In the previous post of this series, we talked about out motivations for using J2ME Polish and some issues about licensing. Now we are going to look at all the features included in the J2ME Polish bundle, as it is actually a whole collection of different tools for MIDP developers.
The tools range from standard build tools for compiling, preverifying and packaging the applications to a sophisticated optional GUI which can be designed with simple CSS textfiles. These are the tools included:
BuildTools/ J2ME Polish Task
The core components of the framework are those allowing preprocessing, resource assembling, localization, compilation, preverification, obfucation and packaging of J2ME applications. All this building process is based on Ant, by including its own customizable task. This is the de-facto standard for Java and supported by the most common IDEs. The core idea is that you can optimize your application for multiple devices and languages/locales by using a unique build.xml file. J2ME Polish can also invoke any emulators for you.
An XML-based device database provides a convenient and portable way for adjusting your application to different devices. Thanks to the powerful preprocessing capabilities you can use this database directly in your application or your build.xml file. All the devices are arranged by vendor, family. This way you can target at a same time all devices from certain vendor or certain line-up, such as Nokia or NSeries.
Automatic Resource Assembling
All resources like images and sound files are assembled automatically for you depending on the specific target for the build. You can use specific resources for vendors like Nokia or for devices which support a specific format easily. You can even include resources only when some conditions are met. For example, for including MIDIsoundfiles only when the target device does not support MP3 but supports the MIDI format.
This can be used to enable or disable logging levels for classes or complete packages just by modifying some settings in the central build.xml. Log messages can be shown on real devices as well, by simply using System.out.println(). Of course you can disable all logging completely, so that no traces are left in the application.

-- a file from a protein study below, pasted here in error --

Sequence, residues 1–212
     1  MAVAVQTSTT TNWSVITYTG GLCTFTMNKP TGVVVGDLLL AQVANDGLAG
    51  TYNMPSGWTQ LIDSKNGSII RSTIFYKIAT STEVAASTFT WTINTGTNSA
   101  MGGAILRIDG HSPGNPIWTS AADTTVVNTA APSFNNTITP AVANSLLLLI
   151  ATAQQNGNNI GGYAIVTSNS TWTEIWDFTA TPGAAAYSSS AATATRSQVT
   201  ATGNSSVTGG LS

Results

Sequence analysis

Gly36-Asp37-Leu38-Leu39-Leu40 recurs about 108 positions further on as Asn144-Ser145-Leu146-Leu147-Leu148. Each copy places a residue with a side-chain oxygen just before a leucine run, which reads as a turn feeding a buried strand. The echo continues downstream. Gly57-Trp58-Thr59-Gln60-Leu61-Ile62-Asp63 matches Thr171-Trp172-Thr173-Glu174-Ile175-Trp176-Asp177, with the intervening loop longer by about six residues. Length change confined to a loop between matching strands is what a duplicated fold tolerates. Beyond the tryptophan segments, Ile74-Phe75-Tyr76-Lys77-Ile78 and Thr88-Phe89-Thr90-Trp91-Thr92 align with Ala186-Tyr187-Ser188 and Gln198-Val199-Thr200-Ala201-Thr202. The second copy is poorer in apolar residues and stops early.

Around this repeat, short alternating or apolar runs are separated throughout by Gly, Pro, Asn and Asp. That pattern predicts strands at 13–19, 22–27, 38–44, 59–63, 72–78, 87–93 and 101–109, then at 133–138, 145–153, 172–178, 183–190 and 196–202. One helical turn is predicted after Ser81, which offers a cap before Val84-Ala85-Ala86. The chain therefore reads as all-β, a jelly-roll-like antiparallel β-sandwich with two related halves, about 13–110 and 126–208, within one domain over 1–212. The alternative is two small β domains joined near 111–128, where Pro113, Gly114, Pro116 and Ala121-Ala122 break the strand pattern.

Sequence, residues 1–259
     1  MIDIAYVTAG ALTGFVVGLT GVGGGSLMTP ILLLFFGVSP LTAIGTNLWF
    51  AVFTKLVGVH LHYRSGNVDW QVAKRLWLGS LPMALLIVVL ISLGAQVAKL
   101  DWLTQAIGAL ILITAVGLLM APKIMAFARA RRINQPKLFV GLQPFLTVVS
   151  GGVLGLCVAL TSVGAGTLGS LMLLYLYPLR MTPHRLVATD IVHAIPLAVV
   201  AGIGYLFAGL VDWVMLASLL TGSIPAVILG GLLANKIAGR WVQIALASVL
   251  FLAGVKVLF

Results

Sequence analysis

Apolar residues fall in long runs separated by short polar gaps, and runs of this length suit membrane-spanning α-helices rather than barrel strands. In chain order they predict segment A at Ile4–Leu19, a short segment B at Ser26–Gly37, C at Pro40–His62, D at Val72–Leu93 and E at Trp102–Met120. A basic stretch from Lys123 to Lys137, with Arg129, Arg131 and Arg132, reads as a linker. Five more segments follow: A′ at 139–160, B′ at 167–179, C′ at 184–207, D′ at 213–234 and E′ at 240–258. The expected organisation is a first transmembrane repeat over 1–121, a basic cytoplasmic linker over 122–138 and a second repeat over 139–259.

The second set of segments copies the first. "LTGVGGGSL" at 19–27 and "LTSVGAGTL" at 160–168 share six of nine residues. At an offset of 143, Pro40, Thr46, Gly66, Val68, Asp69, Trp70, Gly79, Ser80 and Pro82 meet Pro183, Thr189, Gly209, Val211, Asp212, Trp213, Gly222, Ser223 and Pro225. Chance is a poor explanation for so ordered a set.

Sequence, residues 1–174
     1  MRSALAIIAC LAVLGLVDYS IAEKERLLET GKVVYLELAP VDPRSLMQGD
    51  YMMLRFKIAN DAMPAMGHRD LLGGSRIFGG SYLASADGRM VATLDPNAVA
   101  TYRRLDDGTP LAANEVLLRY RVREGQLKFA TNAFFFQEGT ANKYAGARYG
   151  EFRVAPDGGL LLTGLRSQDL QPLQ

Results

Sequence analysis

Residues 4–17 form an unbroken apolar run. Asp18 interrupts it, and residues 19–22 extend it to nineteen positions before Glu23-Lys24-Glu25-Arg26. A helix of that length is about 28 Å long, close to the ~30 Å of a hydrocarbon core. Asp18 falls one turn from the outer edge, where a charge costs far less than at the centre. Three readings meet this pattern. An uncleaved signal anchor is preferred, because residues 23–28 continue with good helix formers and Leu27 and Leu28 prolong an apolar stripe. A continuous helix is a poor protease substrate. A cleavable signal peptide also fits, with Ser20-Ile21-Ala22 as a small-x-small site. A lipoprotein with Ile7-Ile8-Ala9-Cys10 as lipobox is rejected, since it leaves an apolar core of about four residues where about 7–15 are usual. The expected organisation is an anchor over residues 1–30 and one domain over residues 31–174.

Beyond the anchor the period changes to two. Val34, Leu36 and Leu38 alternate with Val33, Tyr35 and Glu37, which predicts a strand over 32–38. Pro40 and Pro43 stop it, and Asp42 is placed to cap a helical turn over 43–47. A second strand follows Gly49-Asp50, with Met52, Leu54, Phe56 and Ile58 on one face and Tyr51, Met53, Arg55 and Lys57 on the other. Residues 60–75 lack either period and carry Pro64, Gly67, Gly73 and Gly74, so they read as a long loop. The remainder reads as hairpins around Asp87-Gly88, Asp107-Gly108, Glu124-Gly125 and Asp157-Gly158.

It’s easy to create localized applications – just provide the translations and other locale specific resources and J2ME Polish will embed them into the application. In contrast to all other solutions, localized applications do not have an overhead compared with nonlocalized applications, since the translations are actually integrated on the sourcecode level.
J2ME Polish allows using the standard MIDP/1.0 as well as MIDP/2.0 widgets in your program and design them with simple CSS directives like those used in web development. Designers can now design the application independently of programmers. As J2ME Polish includes implementation for those standard widgets you can even use MIDP/2.0 widgets on MIDP/1.0 phones.
Moreover, for allowing J2ME Polish GUI capabilities in your legacy MIDP applications you do not need to change a line of source code. Just include the proper configurations setting in the build.xml file and you will get all the power of CSS design.
The GUI framework includes a game engine implementation, that allows to use the same API for MIDP/2.0 and MIDP/1.0.
J2ME Polish includes some often used components that are available in Java but not in the MIDP specification. This includes support for generics, ArrayList, MathUtil, HashMap, image managing, classes for managing bitmap fonts,…
Some standalone tools are bundled into the pack. The binary data editor can be used for editing any structured binary data file. Another pretty useful tool is the bitmap font editor, which can be used for creating bitmap fonts out of any True Type fonts.
Thanks to its Ant-based build, J2ME Polish includes plugings for both NetBeans and Eclipse, the most popular IDEs in Java world.
Well… you see J2ME Polish really bundles a lot of stuff, and of course, you can extend the framework and use your own widgets, add your own preprocessor, or integrate your own obfuscator in a relative simple way.
Link J2ME Polish